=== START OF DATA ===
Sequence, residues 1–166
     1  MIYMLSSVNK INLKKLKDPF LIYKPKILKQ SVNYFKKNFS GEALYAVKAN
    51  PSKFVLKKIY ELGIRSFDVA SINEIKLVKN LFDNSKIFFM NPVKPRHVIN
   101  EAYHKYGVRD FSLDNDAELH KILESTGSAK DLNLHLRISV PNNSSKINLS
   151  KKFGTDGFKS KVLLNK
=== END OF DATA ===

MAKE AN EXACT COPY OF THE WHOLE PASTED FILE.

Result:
Sequence, residues 1–166
     1  MIYMLSSVNK INLKKLKDPF LIYKPKILKQ SVNYFKKNFS GEALYAVKAN
    51  PSKFVLKKIY ELGIRSFDVA SINEIKLVKN LFDNSKIFFM NPVKPRHVIN
   101  EAYHKYGVRD FSLDNDAELH KILESTGSAK DLNLHLRISV PNNSSKINLS
   151  KKFGTDGFKS KVLLNK